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In Newton, Hebrew College to relocate to Temple Reyim as part of ‘shared campus’

Temple Reyim in Auburndale is expected to become the new home for Hebrew College next year.Courtesy of Temple Reyim Archives

Hebrew College will relocate from its Newton Centre location next year to share space with Temple Reyim in Auburndale as part of a “shared campus” arrangement, according to a statement.

The college will move to the temple in December 2022, and through a capital campaign, will renovate the temple’s current Washington Street building. It also will construct a new two-floor wing that will be dedicated to office and program space, the organizations said in a joint statement released Tuesday.

“The shared campus model will allow Temple Reyim and Hebrew College to maintain their distinctive identities and programs, strengthen their missions and long-term sustainability, and, together, serve the wider Jewish community in Greater Boston and beyond,” the statement said.


In 2018, Hebrew College sold its 7-acre Newton Centre campus for $18 million to an independent school that also owns the neighboring grounds of the former Andover Newton Theological School. The college would be able to remain in the location for several years, officials said at the time.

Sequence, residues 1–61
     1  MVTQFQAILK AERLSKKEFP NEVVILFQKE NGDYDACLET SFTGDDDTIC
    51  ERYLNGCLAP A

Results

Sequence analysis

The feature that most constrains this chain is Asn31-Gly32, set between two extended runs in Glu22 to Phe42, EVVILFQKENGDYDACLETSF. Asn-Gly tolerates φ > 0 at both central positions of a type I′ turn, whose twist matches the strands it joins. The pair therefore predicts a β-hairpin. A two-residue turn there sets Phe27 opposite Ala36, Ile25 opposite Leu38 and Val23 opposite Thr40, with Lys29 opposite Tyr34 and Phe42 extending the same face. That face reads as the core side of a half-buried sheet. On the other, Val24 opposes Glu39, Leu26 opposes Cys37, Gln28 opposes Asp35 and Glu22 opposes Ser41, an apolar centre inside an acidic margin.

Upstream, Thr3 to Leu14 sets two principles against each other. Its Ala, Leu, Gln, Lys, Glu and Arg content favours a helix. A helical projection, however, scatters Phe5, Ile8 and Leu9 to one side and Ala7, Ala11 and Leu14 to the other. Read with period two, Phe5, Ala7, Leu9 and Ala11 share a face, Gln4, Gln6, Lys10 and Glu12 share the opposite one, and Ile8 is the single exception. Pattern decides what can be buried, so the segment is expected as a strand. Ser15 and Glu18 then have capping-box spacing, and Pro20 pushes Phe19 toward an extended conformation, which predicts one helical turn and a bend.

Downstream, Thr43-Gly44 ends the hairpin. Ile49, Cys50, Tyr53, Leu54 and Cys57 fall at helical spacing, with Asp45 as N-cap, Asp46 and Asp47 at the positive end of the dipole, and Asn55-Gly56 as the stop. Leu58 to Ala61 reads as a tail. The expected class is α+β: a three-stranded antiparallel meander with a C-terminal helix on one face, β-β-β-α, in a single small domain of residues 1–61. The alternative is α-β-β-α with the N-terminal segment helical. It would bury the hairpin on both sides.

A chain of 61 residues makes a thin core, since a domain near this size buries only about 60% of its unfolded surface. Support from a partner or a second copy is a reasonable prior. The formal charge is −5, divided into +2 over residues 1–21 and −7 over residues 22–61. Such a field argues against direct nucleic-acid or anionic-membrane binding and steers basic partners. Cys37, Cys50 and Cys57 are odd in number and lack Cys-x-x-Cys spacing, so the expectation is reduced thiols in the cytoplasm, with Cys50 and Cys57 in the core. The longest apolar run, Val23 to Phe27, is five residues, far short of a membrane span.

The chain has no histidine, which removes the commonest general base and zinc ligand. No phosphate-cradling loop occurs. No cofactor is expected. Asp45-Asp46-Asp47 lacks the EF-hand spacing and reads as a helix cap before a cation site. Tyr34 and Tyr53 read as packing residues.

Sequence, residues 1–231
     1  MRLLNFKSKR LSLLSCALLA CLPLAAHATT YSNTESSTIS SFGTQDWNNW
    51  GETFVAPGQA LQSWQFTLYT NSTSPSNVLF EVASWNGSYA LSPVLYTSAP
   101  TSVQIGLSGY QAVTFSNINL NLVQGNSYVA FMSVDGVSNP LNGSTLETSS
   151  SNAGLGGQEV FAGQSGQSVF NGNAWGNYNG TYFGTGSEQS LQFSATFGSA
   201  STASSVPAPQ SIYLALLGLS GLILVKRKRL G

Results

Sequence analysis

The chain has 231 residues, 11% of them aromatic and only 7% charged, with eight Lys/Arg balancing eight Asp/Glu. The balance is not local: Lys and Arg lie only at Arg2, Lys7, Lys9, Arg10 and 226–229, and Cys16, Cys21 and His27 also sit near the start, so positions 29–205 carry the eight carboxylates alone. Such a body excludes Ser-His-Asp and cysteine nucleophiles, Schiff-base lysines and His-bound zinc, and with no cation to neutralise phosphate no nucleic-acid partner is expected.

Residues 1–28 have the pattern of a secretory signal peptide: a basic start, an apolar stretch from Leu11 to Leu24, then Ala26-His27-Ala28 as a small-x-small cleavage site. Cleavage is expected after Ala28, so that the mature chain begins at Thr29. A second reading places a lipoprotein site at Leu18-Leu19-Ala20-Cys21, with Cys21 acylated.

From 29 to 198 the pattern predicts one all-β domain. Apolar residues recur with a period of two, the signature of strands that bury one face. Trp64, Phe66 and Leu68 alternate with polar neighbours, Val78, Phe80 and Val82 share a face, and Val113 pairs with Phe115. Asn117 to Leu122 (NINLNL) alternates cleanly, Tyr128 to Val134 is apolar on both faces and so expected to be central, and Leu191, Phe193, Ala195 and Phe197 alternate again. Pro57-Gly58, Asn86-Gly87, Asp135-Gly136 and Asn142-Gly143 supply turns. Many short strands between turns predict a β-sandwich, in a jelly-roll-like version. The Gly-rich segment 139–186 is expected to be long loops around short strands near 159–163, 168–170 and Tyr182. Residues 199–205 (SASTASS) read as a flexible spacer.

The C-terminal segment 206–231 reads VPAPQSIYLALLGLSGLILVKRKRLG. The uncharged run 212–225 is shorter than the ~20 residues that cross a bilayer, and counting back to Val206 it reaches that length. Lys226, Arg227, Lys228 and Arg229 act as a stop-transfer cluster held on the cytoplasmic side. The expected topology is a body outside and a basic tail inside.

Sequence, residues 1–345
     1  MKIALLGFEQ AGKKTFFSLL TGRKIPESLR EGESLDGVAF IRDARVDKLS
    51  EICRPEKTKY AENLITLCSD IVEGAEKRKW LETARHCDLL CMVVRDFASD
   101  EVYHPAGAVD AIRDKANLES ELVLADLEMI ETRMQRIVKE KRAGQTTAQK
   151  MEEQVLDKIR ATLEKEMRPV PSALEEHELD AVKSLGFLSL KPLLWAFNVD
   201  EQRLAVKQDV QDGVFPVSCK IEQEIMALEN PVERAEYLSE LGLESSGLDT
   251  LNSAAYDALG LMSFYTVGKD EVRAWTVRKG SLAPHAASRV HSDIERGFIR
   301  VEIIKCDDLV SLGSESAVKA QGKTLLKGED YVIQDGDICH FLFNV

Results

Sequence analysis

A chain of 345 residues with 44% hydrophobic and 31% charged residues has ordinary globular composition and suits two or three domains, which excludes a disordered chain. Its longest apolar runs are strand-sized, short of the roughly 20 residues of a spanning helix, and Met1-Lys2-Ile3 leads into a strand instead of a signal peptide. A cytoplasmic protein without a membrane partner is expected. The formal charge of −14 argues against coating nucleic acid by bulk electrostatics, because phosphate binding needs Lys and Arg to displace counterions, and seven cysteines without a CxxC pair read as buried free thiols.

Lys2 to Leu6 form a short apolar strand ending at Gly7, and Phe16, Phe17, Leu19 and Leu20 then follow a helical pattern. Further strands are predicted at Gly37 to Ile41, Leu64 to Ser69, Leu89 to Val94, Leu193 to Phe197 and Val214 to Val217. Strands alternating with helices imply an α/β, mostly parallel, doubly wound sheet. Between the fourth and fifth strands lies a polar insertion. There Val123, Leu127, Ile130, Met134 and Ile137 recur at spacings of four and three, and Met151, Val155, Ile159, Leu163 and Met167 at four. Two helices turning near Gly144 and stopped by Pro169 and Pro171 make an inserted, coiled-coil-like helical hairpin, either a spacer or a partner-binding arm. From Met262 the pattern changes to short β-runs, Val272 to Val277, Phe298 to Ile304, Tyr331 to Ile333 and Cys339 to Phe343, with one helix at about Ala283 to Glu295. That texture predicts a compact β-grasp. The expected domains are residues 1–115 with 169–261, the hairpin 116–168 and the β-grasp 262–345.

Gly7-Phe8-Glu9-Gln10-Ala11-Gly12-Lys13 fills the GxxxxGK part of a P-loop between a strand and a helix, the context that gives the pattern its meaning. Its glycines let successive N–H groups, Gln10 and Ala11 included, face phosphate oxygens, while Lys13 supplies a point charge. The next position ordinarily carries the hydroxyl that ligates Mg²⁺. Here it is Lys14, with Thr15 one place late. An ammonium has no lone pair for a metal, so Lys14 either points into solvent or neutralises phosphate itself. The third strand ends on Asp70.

In Tuesday’s statement, officials for the college and the temple said the vision for the collaboration builds on the strengths of existing relationships with organizations now based at the temple — including Mayyim Hayyim Living Waters Community Mikveh and Education Center, Kesher Newton Jewish Afterschool Program, and Zamir Chorale of Boston. The temple opened in 1951.

The college, which opened in 1921, also will bring along several organizations to the shared campus, including the Jewish Arts Collaborative, the Jewish Women’s Archive, Keshet, the Massachusetts Board of Rabbis, RUACH/Breath Lab, and Camp Yavneh.

Rabbi Sharon Cohen Anisfeld, Hebrew College president, said in the statement that the new campus will “preserve the warmth of the communities” of the college and the temple. It will allow the college to grow, meet evolving needs, and prepare Jewish spiritual and educational leaders to meet people “at many different doorways to Jewish life,” she said.


“At a time of so much division in the world, we are enlivened by this vision of deep partnership and collaboration,” she said.

Rabbi Daniel Berman of Temple Reyim said in the statement that as the temple celebrates its 70th year, it welcomed the college and its new partners to their new home.

“Our vision is to strengthen the present and future of Temple Reyim and welcome organizational partners that share our core mission, which is grounded in a deep love of Jewish life and learning, spiritual openness, and meaningful relationships,” Berman said.

John Hilliard can be reached at